Mathematics

Some of the most Important Paradoxes of Zeno Including Achilles and the Tortoise



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Zeno of Elea was a Greek philosopher born circa 490 B.C. and died circa 430 B.C.  Zeno presented many paradoxes to support Parmenides’ hypothesis that “all is one”.  The three paradoxes of motion are most famous.  They are “Achilles And The Tortoise Paradox”, “The Dichotomy Paradox”, and the “Arrow Paradox”. 


The “Achilles And The Tortoise Paradox” has Achilles and the tortoise race with the tortoise 150 yards or so ahead.  The paradox has the rules that the tortoise will be slower than Achilles.  Assuming they run at a constant speed with Achilles running 150 yards a second and the tortoise going 20 yards a second, the paradox claims that Achilles cannot overtake the tortoise.  The reasoning is since Achilles will reach the tortoise’s starting point in one second, the tortoise will have moved 20 yards because it is moving 20 yards per second.  As soon as Achilles reaches each point where the tortoise was, the tortoise will have advanced past that point. 


There are several flaws in the reasoning that are still in debate today, although many think it is solved. One flaw is Zeno is using points, which is a term in geometry that is defined as an object that has zero dimensions, although two points determine a line (because it gives it direction) . 


Mathematically, all that is necessary is doing the math.  After one second, the tortoise is 20 yards ahead of Achilles because Achilles has run 150 yards in one second, “catching up” with the tortoise’s starting point; and the tortoise has run 20 yards in one second, advancing 20 yards from its starting point. After one more second, Achilles has gone another 150 yards (150 yards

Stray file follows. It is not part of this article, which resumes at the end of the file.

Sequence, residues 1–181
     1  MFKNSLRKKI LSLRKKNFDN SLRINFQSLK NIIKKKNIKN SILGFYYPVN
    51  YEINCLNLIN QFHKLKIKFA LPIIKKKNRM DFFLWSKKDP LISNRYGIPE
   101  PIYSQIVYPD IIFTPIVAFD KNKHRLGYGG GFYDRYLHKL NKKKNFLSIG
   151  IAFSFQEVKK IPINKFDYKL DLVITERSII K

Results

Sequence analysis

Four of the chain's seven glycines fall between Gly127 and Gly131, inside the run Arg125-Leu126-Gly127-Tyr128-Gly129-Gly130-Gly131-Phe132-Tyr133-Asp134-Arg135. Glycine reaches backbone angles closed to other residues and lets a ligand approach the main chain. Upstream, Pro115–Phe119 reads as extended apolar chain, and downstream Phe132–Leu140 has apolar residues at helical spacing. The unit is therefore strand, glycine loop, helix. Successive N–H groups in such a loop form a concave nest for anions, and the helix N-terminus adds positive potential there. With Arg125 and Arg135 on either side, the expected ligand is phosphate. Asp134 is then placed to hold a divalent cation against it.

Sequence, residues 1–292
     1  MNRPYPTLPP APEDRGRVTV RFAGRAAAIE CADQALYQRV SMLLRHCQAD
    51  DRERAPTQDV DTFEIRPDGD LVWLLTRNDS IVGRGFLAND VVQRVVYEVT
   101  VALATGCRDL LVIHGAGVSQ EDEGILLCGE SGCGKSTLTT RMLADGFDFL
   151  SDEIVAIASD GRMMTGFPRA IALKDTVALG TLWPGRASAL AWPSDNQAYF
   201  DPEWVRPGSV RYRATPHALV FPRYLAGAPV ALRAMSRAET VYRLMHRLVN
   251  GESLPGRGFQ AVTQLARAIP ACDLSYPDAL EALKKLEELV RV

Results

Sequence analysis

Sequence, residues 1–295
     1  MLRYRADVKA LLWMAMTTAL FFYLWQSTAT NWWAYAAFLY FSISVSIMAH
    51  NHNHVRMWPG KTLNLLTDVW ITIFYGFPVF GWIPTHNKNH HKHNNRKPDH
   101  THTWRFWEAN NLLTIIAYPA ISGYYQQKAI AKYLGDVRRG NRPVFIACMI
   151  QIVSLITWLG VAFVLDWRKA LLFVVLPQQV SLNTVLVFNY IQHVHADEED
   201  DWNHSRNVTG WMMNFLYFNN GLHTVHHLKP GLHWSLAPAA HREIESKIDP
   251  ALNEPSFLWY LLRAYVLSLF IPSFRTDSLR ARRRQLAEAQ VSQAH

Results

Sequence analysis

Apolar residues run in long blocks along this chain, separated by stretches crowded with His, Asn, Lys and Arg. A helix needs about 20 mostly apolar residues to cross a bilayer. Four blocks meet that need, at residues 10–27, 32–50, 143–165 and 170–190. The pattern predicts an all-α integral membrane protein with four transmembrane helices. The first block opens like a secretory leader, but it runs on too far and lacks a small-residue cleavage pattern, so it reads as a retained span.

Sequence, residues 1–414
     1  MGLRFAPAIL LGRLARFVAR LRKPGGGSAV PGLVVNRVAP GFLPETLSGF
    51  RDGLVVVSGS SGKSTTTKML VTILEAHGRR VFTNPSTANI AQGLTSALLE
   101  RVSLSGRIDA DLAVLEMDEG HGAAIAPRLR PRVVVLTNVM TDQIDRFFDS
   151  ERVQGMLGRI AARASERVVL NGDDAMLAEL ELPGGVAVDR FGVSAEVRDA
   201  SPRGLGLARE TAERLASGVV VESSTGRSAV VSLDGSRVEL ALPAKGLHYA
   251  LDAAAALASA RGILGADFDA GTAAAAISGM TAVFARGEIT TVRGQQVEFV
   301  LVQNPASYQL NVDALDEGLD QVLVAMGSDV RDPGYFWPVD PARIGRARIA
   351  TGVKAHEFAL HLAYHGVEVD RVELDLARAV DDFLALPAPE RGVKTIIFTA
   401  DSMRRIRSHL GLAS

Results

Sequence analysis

ahead of the tortoise’s starting point) and the tortoise has gone another 20 yards (40 yards ahead of its (tortoise’s) starting point).  This clearly overtakes the tortoise because Achilles has gone 150 yards-40yards=110 yards past the starting point of the tortoise.


The tortoise is moving from each point, but Achilles moves faster and overtakes the tortoise.  Anything that goes faster than another object ahead of it will overtake it in a time that can be calculated.  Of course there is also the flaw that a constant speed is impossible because living beings become tired after a short time when running.  Also, speeds can only be calculated to the accuracy available at the time. 


The “Dichotomy Paradox” is similar to the Achilles and the tortoise paradox.  It claims there is no way to catch a train because before one reaches the train, he must travel half the distance; before he travels half the distance, he must travel one-fourth the distance; before he travels one-fourth the distance, he must travel one-eighth the distance, etc. 


The solution is analogous to the solution to the Achilles and the tortoise paradox. Points on a route are the same as the term points in geometry.  And, as already mentioned, points have zero dimensions. This means if one walks one-fourth the distance to the train, he did not walk exactly one-fourth the distance unless he happened to walk exactly one-fourth the distance.  This is because with each step he moves a distance that might or might not be exactly one-half, one-fourth, one-eighth, or even one-tenth. 


But he still moves past exactly one-half, one-fourth, one-eighth, one-tenth, etc. whether or not he does hit on the exact one-half, one-fourth, one-eighth, and one-tenth points when he lands his foot on the ground. 


The “Arrow Paradox” claims that an arrow cannot move in any instant because if it does, it must change the position it is in.  The position it moves to must be either where it is (if it does not move) or where it is not.  This is impossible because it cannot move to exactly where it is. 


The flaw to this argument is an instant is relative to where any object is.  If two arrows are moving the same speed, they will appear not to be moving to each other.  But they are moving according to everything else in the area.  This is explained in the physics subject reference frames.  Any object is moving from one point to another, but points have zero dimensions. 



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ARTICLE SOURCES AND CITATIONS
  • InfoBoxCallToAction ActionArrowhttp://en.wikipedia.org/wiki/Zeno_of_Elea
  • InfoBoxCallToAction ActionArrowhttp://en.wikipedia.org/wiki/Zeno's_paradoxes#Proposed_solutions
  • InfoBoxCallToAction ActionArrowhttp://www.mathacademy.com/pr/prime/articles/zeno_tort/index.asp